Massachusetts Daily Collegian

A free and responsible press serving the UMass community since 1890

A free and responsible press serving the UMass community since 1890

Massachusetts Daily Collegian

A free and responsible press serving the UMass community since 1890

Massachusetts Daily Collegian

Five stress-relieving activities you can do today

Back-to-school stress-relieving activities
(Collegian File Photo)
(Collegian File Photo)

Stress is a very common and normal response to the start of the school year, but sometimes it can become overwhelming. An intelligent counter would then be to find stress-relieving activities, but even searching for them can induce the emotion. Often, suggestions can be too difficult, time consuming, unclear or just unhelpful. Yoga is not appealing to everyone, meditation can be too intense and sex is not a readily available stress reduction technique for most. To avoid your opportunities becoming ordeals, here are five stress-relieving activities you can do today.


Eat regular, balanced meals

Although it may seem enticing to cut out your morning meal for some extra time in bed, this will only increase your morning anxiety. Eating well-rounded meals can help regulate your blood pressure, giving you a better mindset to start the day. The guidelines include a diet low in sodium, saturated fats, consuming low-fat dairy products, lots of fruit and vegetables and eating healthy unsaturated fats. Increases in blood pressure can cause a stress response by stimulating the sympathetic nervous system. Preventing stress from snowballing immediately will allow you to plan and act more efficiently. You’re not you when you’re hungry.



One of the most irrational habits of our generation is staying up late glossing over our phones at the expense of the sleep we craved all day. The perpetuation of this behavior is baffling. Sleep is tied to so many benefits, not the least of which is feeling great. Others include reduced stress, more energy and less negative moods. Designing your schedule with sleep as the place to make cuts leads to an all-too-familiar misery. Lacking sleep will only facilitate poor cognitive performance. Go to bed earlier, sleep for longer and just try to get in the sleep you need (about eight hours is the most common number).


Fix your posture

“Stand up straight with your shoulders back.” Advice given by psychologist Jordan Peterson, as your posture is not just an aesthetic function. According to his book “12 Rules for Life,” posture and the neurotransmitter serotonin are related: open body language can lead to increased serotonin levels. Proper postures has been shown to increase positive emotions and give a more authoritative presence. Poor posture can show signs of weakness and encourage negative emotions. Keeping your posture in mind and correcting as needed can lead to self-fulfilling mood elevation.


Get sunlight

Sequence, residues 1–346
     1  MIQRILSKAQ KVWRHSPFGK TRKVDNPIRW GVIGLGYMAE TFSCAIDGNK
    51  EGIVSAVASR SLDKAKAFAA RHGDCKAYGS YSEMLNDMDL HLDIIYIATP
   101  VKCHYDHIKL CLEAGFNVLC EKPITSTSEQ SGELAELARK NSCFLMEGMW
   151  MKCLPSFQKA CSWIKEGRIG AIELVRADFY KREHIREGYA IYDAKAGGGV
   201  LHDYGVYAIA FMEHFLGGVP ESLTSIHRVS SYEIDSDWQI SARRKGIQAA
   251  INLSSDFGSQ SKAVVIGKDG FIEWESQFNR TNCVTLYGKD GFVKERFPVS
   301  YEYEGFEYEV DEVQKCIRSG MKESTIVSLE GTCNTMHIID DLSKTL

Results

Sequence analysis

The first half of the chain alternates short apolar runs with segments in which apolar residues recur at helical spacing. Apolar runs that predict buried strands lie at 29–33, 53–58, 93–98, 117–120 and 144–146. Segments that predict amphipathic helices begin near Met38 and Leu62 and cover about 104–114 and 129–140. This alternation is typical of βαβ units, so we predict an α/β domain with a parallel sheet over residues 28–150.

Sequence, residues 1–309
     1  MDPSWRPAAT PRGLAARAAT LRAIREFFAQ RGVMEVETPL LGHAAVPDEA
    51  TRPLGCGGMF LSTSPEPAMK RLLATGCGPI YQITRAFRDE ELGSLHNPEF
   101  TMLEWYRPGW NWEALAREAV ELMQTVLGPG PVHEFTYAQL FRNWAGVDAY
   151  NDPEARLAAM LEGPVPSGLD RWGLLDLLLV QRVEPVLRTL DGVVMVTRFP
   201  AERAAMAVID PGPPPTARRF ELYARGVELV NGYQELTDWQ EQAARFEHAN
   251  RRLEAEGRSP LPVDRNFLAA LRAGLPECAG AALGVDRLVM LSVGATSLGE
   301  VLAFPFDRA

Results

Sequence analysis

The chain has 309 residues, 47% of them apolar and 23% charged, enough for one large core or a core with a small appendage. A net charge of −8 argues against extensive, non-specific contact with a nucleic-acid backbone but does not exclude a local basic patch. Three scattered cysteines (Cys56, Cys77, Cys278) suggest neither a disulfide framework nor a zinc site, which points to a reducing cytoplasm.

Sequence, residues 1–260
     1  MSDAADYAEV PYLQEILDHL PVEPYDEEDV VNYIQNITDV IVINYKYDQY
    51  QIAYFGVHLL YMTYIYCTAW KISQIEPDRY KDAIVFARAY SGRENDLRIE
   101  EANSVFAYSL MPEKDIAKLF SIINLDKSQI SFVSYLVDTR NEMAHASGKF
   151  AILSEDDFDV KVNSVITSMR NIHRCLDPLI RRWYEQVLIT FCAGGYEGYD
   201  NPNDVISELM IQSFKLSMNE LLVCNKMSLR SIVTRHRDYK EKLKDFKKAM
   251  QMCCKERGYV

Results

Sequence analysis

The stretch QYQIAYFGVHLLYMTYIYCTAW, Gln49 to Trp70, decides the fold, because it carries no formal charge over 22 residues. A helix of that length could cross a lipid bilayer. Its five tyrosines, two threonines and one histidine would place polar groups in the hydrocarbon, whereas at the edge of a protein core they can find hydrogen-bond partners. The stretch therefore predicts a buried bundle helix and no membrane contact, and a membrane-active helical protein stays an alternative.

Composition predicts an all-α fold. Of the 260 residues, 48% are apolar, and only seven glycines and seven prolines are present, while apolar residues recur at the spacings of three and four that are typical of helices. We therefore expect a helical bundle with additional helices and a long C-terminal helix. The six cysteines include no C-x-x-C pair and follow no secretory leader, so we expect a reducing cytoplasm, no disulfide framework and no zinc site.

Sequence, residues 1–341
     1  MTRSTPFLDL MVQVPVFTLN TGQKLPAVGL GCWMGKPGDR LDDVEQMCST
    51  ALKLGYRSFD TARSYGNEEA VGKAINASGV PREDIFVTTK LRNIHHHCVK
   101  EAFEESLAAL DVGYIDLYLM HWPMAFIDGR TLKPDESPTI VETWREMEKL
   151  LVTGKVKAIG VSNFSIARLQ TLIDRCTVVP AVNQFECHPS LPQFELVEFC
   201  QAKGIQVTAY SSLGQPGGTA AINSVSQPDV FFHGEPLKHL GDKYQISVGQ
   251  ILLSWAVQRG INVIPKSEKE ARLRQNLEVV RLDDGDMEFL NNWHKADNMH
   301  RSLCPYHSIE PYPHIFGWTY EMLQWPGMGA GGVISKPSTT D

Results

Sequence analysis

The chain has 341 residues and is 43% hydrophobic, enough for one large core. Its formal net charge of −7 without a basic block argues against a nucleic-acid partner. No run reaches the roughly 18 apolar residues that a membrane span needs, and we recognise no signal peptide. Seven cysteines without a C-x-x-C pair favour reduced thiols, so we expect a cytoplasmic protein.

Perhaps in an almost plant-like requirement, humans need sunlight. The impact of sunlight can make you feel happier. Specifically, the brain produces more serotonin and vitamin D when you are exposed to sunlight. Deficiencies can lead to Seasonal Affective Disorder (SAD), a feeling similar to depression commonly experienced in the winter months which is, at least partially, caused by lack of sunlight. One of its treatments is exposure to light. So open the blinds and let the sun in or make sure you fit an outdoor walk into your routine. You are almost guaranteed to feel better.



Yes, going to the gym can be an anxious experience. And yes, exercise can take a lot of time. But there are many ways to avoid the noisy, intimidating parts of the gym. After a little internet searching, you can find many quick workouts that will provide you with energy and a mood boost. In addition to that, you’ll probably feel better about yourself for exercising because of the physiological benefits such as reduced risk for several diseases like heart disease, hypertension and depression. A 20 to 30-minute routine can be fit into many schedules or be done spontaneously when negative emotions become too prevalent. Taking personal fitness seriously is one of the best health choices you can make.

Don’t let stress hamper your day any longer and start combatting it now. Following these recommendations can help, but progress can be slow and scheduling can be difficult to stick with. Don’t beat yourself up over a missed day at the gym; self-loathing doesn’t help. Perhaps start with minor inclusions into your schedule and gradually include more every week or two. Keep in mind that stress is manageable, but also inevitable. Events will happen throughout this year that will induce anxiety, regardless of how long you’ve stared at the sun. The right mindset is always the most essential part of anything you do, including stress management. You should get some more sleep though. Seriously, just sleep.

Ben Connolly can be reached at [email protected].

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